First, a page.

Every UK employer must auto-enrol all eligible workers into a workplace pension scheme. They must also make employer contributions of at least 3% of each employee’s qualifying earnings into the scheme.
That’s for anyone between 22 and state pension age, who’s not in a qualifying pension scheme. Plus, they have to earn more than £10,000 a year.
That means your business must operate a pension scheme. So now’s a good time to choose the most suitable kind for your workforce.
There are plenty of options to choose from—we’ll take you through each one below. But first we’ll look at the basics.
And remember, you can refer to our HR and employment law software if you need any immediate help with this topic.
When did workplace pensions start?
On 1st October 2012 there were changes to workplace pensions. New regulations for auto-enrolment began from that date.
This means you must enrol your eligible workers into a compulsory workplace pension.
Any business with at least one employee must enrol them onto a workplace pension scheme. You must also make workplace pension contributions.
The standard workplace pension rules
Before we explore these, remember you can refer to our employment law advice for help on the finer details, as this is a complex issue.
The government has minimum levels you and your employees should pay into a scheme.
Workplace pension laws make it clear you have to automatically enrol an employee and contributions—if they’re eligible, that is. And what are the requirements? These are:
- They’re a “worker”.
- Are aged between 22 and the state pension age.
- Earn at least £10,000 per annum.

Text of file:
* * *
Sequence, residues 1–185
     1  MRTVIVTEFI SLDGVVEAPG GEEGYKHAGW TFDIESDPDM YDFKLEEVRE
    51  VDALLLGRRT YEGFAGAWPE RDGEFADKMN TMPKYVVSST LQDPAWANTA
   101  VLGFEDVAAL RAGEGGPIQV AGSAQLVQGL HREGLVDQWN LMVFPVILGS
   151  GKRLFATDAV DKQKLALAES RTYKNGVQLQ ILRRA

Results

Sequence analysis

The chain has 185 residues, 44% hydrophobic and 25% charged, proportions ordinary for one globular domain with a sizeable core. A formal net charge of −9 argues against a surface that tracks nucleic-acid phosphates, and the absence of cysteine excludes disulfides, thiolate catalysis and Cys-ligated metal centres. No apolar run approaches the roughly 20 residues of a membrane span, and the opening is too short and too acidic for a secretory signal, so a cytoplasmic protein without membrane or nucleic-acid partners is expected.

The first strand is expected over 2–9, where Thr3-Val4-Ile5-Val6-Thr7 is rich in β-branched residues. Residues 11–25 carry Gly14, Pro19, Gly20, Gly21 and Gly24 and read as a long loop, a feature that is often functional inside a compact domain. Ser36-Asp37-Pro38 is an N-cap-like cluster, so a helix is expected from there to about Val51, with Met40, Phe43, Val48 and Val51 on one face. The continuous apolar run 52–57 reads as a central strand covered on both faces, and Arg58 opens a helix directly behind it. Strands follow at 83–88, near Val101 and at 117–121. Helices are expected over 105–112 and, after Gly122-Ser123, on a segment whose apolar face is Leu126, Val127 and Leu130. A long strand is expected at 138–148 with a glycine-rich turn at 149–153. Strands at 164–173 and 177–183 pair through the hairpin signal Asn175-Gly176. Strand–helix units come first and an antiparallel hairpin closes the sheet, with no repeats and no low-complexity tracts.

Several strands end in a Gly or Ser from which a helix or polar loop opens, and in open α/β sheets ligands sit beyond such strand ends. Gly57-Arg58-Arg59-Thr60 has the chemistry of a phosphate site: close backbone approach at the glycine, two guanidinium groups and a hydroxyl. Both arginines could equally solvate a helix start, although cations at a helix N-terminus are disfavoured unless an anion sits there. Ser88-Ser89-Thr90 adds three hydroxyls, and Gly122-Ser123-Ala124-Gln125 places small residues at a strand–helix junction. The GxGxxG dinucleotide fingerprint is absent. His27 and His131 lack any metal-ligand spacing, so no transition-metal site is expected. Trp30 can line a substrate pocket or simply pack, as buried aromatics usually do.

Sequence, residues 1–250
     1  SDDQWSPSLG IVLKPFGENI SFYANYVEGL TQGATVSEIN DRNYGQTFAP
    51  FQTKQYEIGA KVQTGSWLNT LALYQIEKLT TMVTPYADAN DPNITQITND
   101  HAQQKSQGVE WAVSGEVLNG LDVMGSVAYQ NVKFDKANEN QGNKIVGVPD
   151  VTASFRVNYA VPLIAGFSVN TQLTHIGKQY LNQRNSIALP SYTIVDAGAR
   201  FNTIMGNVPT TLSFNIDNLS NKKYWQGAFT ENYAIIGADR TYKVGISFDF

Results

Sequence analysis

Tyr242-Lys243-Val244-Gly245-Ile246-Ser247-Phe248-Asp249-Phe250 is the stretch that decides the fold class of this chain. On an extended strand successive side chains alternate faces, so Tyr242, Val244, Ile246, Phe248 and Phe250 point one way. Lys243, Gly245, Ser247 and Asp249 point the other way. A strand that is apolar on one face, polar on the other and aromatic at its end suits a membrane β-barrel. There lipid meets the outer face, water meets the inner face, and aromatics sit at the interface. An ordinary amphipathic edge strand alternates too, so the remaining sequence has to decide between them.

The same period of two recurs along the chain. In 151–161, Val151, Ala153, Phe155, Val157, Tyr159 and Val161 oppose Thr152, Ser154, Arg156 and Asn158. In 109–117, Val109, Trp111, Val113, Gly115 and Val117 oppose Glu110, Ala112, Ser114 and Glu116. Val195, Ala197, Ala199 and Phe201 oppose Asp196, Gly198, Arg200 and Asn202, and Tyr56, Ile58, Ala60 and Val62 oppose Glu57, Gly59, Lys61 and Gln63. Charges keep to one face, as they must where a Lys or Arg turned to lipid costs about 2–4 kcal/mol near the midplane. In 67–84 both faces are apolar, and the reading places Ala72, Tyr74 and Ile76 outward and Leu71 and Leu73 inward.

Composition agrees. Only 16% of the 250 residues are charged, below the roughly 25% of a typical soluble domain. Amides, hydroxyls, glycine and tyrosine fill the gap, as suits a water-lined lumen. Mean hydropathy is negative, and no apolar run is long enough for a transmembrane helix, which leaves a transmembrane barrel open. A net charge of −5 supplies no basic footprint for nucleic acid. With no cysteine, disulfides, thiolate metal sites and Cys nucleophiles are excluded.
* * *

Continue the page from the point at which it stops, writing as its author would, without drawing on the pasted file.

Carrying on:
- Work most of their time in the UK.
An employee between 16 and 74 can still ask to join your pension scheme voluntarily, even if you don’t have to automatically enrol them.
You can’t refuse this request. And you’ll still have to make employer contributions if they earn over the following:
- £118 a week.
- £472 every four weeks.
- £512 a month.
The total workplace pension rates for contributions are now at 8% of qualifying earnings. Of this, minimum employer’s contribution is at least 3%.
This means the total of employees’ and employer’s contributions must add up to at least 8%, but the employer’s part must be at least 3%.
These figures came into effect in April 2019.
How does a workplace pension work?
After they’re enrolled in your scheme you must also pay the minimum contributions at the right time. What you can’t do includes:
- Forcing a worker out of the scheme
- Dismissing a worker or discriminating against an individual for using the scheme
- Suggesting a job candidate will have a better chance of landing a role if they opt out of the scheme (more on opting out further below)
- Close the scheme without enrolling your workforce into a new one first
While you can delay the date on which the employee is automatically enrolled by up to three months (“postponement”, as we call it), you must tell the worker it affects in writing when they first become eligible.
And you must still let them join if they ask you to.
You must also tell them the date they’re added to your pension scheme. This includes information such as:
- The pension scheme you use.
- Who runs the scheme.
- The amount the worker will contribute.
- How much you’ll pay into it.
- How the worker can leave the scheme.